Ford and Jeep also approached the grab handles differently, with the Bronco’s grab handles located at the edges of the dash and one down by the passenger’s knee. Each one feels like you could yank it right off with a stout tug. Conversely, the Wrangler has A-pillar-mounted handles and a dash-mounted passenger grab bar that feel sturdy enough to tie a tow strap to for recovering another vehicle stuck in the mud.
Outward visibility is important in any off-road vehicle, and both the Ford Bronco and Jeep Wrangler are designed to maximize driver awareness of outside surroundings. The Bronco has great camera views to supplement the generous side glass area afforded by the frameless windows. To combat its tall fender creases, Ford installed “Trail Sights” to let the driver know exactly where the Bronco’s front corners are. To the rear, the Bronco is a little more restricted with its step-up beltline and high-mounted spare tire.
The Jeep Wrangler has great forward visibility thanks to a tapering nose and a forward-facing TrailCam. In back, the Wrangler offers more glass where you want it, making rearward and over-the-shoulder visibility better than the Bronco’s.
Both the Ford and the Jeep offer a great open-air experience, though the Bronco features a halo-style rollcage that omits the crossbar over the B-pillar for the ultimate openness for rear passengers. That is, if you can get the tops off. With our tester, the factory roof rack prevented us from removing the rear top panel, negating our open-air fun.
The Wrangler doesn’t offer a factory roof rack, but it also doesn’t offer a removable panel over the second row like the Bronco does. Jeep’s counter is the powered Sky One-Touch roof, which gives everyone an open-air experience at the touch of the button. You can unlock more openness by popping out the rear-quarter glass.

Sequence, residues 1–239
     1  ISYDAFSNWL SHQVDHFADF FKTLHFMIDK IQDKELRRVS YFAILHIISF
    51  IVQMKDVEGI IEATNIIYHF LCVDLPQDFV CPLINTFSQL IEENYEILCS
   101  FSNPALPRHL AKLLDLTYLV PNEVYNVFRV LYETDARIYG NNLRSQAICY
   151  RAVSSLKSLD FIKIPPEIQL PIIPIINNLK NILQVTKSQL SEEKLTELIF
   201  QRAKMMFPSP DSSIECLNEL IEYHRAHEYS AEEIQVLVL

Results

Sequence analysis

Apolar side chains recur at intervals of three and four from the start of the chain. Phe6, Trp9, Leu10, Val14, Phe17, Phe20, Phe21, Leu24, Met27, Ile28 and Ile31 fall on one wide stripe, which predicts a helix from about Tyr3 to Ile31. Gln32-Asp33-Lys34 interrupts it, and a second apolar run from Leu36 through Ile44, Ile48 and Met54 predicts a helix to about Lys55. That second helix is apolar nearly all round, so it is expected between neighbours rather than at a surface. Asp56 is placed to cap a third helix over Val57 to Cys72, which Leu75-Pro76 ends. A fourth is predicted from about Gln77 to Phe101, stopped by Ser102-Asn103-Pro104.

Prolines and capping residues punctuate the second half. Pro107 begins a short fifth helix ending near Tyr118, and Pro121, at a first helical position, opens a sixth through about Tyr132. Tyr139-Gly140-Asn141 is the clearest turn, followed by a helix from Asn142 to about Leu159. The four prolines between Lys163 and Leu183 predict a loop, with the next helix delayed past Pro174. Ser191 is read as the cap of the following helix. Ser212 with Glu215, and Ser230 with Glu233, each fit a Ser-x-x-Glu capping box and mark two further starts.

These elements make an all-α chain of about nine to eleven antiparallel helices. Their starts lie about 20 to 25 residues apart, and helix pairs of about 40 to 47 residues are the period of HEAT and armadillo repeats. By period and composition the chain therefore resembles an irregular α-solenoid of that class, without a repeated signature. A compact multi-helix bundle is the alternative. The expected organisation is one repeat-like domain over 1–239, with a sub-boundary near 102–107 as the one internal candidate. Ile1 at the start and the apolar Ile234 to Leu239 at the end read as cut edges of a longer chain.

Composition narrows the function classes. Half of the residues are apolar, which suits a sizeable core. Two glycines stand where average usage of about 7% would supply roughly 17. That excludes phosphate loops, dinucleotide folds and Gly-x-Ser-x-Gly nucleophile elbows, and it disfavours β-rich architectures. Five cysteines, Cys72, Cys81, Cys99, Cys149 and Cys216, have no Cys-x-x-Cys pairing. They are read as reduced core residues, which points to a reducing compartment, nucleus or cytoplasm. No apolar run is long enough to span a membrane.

Rear Cargo Area
Cargo areas are extremely important for any adventuring SUV, and the Bronco and Wrangler are very similar in this regard. We give the slight edge to the Jeep because it has six tie-downs instead of the Ford’s four, plus more sculpted interior panels that allow for more places to stuff gear and a tailgate design that requires less force to open. The Wrangler also exclusively offers storage places for the doors’ and top’s mounting hardware, while both vehicles are comparable in the amount of dust intrusion that sneaks past the rear seals.
Which Way to Go?
Both the 2021 Ford Bronco Outer Banks and 2021 Jeep Wrangler Rubicon 4xe are excellent machines that do incredible things no other vehicle on the market can accomplish. Ford did an outstanding job with the Bronco, and it is well-matched to the Wrangler. However, it isn’t perfect. The new Bronco may have a leg up in modern tech and interior amenities, but it falls short in the details of fit and finish as well as materials quality. In everyday usability, the Wrangler’s details feel more refined. The Jeep also enjoys better build quality, and it does the little things well. For now, and in the context of this head-to-head comparison, the Jeep Wrangler gets our nod.